CLEVELAND - Cleveland Fire Chief Paul Stubbs answered questions about a recent audit exposing payroll abuses by city firefighters.
“Obviously, there’s things that should have been done differently,” said Stubbs about the audit.
Stubbs gave his first television interview about the scandal to NewsChannel5 Investigator Sarah Buduson Tuesday afternoon.
“What I regret the very most is that we continued to a use a somewhat antiquated and somewhat dysfunctional process for our payroll,” said Stubbs.
Stubbs said the fire department still uses some manual record keeping processes. He said the system made it difficult to detect some firefighters were getting paid for work they were not doing.
“There are no crooks here. We were doing our best. We may have made mistakes,” said Stubbs.
Martin Flask, the Cleveland director of public safety, said the audit uncovered firefighters abusing a policy that allows them to trade shifts.
For example, the audit found firefighter Calvin Robinson has worked approximately three months since January 2009, but was paid his full $53,890 salary each year.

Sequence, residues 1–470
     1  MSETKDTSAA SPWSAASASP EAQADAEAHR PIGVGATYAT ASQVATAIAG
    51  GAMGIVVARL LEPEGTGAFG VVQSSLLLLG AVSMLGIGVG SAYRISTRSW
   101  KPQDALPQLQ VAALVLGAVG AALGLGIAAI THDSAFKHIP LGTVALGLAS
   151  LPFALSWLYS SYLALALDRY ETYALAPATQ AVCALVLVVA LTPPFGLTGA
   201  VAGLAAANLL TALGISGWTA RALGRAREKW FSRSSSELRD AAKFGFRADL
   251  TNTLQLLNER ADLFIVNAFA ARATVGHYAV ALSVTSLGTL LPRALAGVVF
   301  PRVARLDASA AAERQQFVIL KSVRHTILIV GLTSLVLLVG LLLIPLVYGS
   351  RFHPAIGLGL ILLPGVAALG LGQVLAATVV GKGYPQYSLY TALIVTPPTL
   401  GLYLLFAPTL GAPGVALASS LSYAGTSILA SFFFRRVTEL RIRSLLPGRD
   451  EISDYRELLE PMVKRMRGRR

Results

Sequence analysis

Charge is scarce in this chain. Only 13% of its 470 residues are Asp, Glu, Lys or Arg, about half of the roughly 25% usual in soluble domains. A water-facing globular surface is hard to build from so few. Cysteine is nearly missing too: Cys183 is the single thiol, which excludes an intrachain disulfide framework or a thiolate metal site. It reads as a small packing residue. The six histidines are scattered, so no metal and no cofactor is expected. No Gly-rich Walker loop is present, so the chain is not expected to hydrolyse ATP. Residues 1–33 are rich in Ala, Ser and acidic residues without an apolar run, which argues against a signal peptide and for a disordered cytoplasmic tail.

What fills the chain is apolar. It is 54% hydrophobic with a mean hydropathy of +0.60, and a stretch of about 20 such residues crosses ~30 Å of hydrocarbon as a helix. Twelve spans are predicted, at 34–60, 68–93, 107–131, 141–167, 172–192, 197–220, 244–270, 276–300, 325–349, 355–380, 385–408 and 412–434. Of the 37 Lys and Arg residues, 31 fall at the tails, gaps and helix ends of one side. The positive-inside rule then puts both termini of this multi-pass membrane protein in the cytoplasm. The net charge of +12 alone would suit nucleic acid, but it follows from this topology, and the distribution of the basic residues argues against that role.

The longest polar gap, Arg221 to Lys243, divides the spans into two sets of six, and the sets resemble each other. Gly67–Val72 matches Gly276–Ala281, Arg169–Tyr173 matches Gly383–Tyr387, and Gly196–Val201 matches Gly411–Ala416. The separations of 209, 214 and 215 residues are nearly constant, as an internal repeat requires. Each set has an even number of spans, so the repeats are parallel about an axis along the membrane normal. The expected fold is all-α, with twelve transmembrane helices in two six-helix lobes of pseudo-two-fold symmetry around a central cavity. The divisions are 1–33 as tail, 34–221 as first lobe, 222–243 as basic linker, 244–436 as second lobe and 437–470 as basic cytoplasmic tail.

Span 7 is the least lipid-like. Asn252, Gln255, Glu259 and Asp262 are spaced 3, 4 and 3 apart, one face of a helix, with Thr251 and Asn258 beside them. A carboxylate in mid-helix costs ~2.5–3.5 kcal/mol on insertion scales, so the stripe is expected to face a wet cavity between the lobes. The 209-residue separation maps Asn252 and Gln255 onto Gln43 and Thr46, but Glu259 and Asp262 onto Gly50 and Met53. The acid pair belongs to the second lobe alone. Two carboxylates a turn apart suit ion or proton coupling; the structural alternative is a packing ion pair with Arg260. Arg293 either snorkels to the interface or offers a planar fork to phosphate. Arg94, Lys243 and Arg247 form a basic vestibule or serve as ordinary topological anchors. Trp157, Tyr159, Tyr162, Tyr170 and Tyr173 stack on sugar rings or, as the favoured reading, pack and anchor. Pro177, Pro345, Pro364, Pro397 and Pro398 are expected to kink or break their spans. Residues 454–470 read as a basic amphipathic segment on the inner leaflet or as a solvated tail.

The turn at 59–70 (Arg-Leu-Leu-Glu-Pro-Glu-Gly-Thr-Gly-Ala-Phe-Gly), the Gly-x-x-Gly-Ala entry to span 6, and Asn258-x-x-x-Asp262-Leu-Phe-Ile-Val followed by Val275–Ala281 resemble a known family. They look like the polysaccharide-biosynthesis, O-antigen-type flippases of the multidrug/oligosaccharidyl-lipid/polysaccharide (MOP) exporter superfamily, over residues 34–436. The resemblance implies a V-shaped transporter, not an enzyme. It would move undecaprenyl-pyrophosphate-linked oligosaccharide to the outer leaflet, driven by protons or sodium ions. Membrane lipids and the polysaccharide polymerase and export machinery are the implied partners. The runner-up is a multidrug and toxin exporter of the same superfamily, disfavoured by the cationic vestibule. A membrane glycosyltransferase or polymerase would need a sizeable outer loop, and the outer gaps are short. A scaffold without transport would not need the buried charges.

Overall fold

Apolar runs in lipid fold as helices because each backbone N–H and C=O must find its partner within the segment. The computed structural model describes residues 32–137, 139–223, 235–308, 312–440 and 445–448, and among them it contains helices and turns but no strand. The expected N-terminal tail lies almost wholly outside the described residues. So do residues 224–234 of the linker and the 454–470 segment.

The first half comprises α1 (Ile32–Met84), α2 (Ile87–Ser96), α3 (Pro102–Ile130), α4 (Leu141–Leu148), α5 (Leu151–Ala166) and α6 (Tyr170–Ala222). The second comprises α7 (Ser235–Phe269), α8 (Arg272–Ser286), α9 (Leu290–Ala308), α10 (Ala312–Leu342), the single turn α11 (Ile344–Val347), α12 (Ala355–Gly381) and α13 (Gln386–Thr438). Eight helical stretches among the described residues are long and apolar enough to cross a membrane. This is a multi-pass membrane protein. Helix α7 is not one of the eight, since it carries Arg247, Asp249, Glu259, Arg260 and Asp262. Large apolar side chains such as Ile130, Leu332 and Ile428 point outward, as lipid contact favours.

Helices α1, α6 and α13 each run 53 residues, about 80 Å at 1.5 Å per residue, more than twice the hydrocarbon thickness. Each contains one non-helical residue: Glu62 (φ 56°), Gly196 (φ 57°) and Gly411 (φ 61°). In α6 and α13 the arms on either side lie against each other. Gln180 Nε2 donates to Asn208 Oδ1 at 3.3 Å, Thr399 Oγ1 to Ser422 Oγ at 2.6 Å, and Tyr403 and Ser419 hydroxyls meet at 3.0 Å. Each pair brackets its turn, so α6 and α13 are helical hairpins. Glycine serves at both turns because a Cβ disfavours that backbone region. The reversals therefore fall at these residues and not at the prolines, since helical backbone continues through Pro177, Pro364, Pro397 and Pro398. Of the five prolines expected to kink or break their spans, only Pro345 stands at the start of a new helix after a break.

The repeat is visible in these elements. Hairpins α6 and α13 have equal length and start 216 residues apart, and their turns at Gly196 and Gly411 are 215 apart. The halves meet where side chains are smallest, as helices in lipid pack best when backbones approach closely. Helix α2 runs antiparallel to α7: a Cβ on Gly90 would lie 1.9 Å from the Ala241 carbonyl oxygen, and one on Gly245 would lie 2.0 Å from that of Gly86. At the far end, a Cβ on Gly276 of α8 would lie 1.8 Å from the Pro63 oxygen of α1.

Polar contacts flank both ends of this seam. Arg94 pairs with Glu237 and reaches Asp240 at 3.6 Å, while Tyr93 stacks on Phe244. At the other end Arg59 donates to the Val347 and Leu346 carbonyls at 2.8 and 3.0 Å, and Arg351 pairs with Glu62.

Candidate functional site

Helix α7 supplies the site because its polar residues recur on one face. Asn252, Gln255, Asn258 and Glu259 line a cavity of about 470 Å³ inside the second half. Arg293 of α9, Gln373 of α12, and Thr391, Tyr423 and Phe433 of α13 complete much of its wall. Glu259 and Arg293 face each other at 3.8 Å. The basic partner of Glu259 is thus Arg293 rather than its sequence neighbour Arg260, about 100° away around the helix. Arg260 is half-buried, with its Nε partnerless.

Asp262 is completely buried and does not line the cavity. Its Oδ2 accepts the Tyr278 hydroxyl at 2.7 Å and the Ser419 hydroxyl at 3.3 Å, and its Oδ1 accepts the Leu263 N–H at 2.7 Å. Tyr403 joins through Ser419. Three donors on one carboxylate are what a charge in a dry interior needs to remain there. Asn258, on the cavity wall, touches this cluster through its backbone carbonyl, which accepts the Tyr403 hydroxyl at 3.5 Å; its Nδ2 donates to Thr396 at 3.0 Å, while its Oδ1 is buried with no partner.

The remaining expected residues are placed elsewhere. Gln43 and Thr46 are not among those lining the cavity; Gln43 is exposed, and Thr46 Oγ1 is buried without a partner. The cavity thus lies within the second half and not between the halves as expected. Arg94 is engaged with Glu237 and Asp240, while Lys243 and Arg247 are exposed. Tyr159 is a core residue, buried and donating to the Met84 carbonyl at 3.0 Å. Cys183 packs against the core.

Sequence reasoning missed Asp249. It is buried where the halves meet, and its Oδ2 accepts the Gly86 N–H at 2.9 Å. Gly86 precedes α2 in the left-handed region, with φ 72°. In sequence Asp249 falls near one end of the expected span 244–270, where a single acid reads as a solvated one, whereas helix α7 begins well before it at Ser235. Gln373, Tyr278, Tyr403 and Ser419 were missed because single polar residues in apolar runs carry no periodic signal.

Flask said firefighter Andrew Kovacic did not work for five months from November 2010 to March 2011, then worked 24 hour shifts for 18 days to make up the time.
Flask said Kovacic’s decision to work so many hours was “unsafe.”
Flask said firefighter Joe Coneglio did not work from January to April in 2011 and lists San Diego, California as his home address. He said Coneglio then crams in extra shifts when he is in Cleveland.
Flask said the city has already initiated a second audit to further explore payroll problems and to determine who is culpable for the mistakes.
He said it is unclear how many firefighters abused the city’s policy or how much the abuse may have cost taxpayers.
Flask said the audit did uncover problems that cost the public.
The audit said about 30 percent of retirement benefits paid to firefighters during the last fiscal year were in error because used sick days were not deducted from firefighters’ benefits packages.
Stubbs plans to retire in April. He said the decision was unrelated to the payroll audit.
He also said he will try to restore the public’s faith in the fire department before he leaves his job.
“Trust is a fragile thing. Once you lose it, it’s tough to get it back. And we’ll work to get it back,” he said.
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